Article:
No Longer Resting In Peace

We all like to think that our loved ones are resting in peace in a sacred space where no one and nothing can do them harm. Unfortunately, cemeteries are often impacted by natural disasters, or suffer at the hands of vandals.
Read more . . .


Monday, January 28, 2019

Estate Planning In The Opioid Era


It sneaks up on you like a thief in the night. It takes without hesitation, not caring what it destroys. It does not matter if you are young or old, rich or poor, urban or rural, it will get you if it can. Opioid addiction is ravishing our nation. 

It is something families can no longer ignore when

Read more . . .


Thursday, January 24, 2019

Preparing For Your Spouse’s Death


In most relationships there is one spouse that handles the couple’s finances. It’s a natural division of labor because it is redundant to have both spouses sign every check to the utility company. But it puts the spouse who is not the financial guru at a real disadvantage if they outlive their partner. 

We have heard way too many horror stories about a new widow or widower who is blindsided by debt or taken advantage of by someone who steps in to “help them sort out their finances” after their loved one’s death. This post covers a few key actions couples should take, from a legal point of view, to prepare for a future where only one of them is living.
Read more . . .


Thursday, January 17, 2019

Burt Reynolds Disinherits Son?


Shortly after the news broke that legendary actor Burt Reynolds had passed away, sources began whispering that he had also disinherited his only child, Quinton Anderson Reynolds. While it is true that Quinton is intentionally omitted from his father’s will, he was not disinherited.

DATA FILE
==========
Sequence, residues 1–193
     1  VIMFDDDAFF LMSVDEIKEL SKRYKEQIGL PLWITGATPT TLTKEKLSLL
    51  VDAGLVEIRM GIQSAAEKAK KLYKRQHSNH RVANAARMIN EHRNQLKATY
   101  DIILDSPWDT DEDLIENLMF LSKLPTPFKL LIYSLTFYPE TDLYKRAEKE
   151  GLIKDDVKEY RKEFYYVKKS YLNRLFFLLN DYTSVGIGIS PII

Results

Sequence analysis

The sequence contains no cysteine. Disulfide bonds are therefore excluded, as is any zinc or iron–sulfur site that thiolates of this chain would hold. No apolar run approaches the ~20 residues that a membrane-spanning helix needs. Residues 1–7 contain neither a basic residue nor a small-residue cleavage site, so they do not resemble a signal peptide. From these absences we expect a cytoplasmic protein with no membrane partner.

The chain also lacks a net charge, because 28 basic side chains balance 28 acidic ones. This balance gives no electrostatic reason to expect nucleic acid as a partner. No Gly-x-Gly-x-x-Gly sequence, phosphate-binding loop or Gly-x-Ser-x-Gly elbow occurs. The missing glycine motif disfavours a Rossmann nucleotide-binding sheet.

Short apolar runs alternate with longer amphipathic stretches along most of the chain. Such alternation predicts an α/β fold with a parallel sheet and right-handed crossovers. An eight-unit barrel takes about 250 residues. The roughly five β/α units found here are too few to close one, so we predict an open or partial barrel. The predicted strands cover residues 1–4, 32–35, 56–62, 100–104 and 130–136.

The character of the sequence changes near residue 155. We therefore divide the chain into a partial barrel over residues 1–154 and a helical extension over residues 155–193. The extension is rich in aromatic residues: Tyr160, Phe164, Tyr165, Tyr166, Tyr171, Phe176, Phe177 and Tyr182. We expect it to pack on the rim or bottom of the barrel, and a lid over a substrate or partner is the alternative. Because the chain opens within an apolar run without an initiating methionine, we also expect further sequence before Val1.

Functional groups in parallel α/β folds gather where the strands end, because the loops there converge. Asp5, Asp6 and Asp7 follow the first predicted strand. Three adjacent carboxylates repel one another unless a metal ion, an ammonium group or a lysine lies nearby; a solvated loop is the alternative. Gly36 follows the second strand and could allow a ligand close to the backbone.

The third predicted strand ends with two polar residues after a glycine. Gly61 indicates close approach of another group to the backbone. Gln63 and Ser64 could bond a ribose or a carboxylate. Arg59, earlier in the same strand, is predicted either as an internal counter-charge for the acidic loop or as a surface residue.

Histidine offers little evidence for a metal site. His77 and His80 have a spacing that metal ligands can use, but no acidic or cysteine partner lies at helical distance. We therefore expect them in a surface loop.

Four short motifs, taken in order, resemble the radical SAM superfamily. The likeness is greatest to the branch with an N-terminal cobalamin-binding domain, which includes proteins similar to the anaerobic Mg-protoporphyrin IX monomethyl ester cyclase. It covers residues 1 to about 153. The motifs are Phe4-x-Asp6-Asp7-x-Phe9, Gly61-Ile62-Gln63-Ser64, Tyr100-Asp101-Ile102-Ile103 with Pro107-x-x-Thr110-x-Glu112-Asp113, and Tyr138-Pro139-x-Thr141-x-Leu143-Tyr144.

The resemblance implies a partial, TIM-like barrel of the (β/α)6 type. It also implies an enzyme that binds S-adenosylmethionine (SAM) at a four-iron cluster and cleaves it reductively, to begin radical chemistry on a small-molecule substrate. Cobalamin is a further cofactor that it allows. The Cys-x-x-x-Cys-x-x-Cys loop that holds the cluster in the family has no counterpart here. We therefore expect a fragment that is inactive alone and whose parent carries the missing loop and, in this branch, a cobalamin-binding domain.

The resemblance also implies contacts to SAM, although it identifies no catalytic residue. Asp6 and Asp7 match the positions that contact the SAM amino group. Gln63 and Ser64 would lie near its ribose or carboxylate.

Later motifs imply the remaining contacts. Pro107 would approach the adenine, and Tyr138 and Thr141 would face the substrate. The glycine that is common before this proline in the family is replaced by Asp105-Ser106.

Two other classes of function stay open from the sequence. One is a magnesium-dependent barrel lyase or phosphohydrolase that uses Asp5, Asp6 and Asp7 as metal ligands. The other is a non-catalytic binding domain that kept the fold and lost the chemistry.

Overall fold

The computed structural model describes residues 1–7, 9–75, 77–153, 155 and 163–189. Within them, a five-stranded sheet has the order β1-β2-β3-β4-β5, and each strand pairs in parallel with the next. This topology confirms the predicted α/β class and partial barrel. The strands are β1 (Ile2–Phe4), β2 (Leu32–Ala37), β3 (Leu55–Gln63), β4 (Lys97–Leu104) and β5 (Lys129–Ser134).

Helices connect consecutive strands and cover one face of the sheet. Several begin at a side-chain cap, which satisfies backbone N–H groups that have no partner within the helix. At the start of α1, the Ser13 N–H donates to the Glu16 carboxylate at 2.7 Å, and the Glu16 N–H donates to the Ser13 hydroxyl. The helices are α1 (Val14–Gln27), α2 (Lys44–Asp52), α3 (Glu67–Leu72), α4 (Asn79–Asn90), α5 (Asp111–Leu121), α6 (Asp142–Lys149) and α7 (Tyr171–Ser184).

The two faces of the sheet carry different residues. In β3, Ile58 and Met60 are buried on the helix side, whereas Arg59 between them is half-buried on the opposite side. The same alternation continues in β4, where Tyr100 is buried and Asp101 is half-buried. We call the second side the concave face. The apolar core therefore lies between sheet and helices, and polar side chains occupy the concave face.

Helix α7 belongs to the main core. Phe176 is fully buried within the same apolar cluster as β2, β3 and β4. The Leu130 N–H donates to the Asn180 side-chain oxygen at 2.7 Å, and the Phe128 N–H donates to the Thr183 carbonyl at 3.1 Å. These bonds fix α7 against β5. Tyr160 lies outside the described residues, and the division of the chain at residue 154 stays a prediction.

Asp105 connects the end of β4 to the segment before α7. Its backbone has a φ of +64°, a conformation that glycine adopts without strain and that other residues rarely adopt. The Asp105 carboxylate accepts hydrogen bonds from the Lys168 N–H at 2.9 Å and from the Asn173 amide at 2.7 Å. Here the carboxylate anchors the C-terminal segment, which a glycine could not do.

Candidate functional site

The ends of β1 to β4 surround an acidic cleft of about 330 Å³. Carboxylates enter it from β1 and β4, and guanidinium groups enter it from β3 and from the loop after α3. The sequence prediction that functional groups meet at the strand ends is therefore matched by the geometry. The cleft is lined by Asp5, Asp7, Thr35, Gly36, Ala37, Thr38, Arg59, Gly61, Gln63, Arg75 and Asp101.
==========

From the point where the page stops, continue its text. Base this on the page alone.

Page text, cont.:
The Language That Got People Talking 


The language that got tongues wagging after Burt Reynolds passed away is this: “At the time that I execute this, my Last Will and Testament, I am not married, and I have one (1) child, QUINTON A.
Read more . . .


Wednesday, December 12, 2018

Estate Planning For Farmers Helps The Next Generation Grow


4.9 million acres. That’s how much land the South Carolina Department of Agriculture says is farmed in the Palmetto state.
Read more . . .


Tuesday, December 11, 2018

Saying Goodbye To The Queen


On August 16 we lost an icon. Aretha Franklin was not just a phenomenal singer, she was the undisputed Queen of Soul (and Gospel and Rock and R&B). She was a vanguard of the Civil Rights Movement and her recording of Respect was the unofficial anthem of the women’s rights movement.

We will all miss her, but in the same way, we miss other celebrities who pass on. We will feel a twinge of grief the next time one of her songs comes on the radio, but we will move on with our lives.
Read more . . .


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| Phone: 803-594-4453
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| Phone: 704-369-9977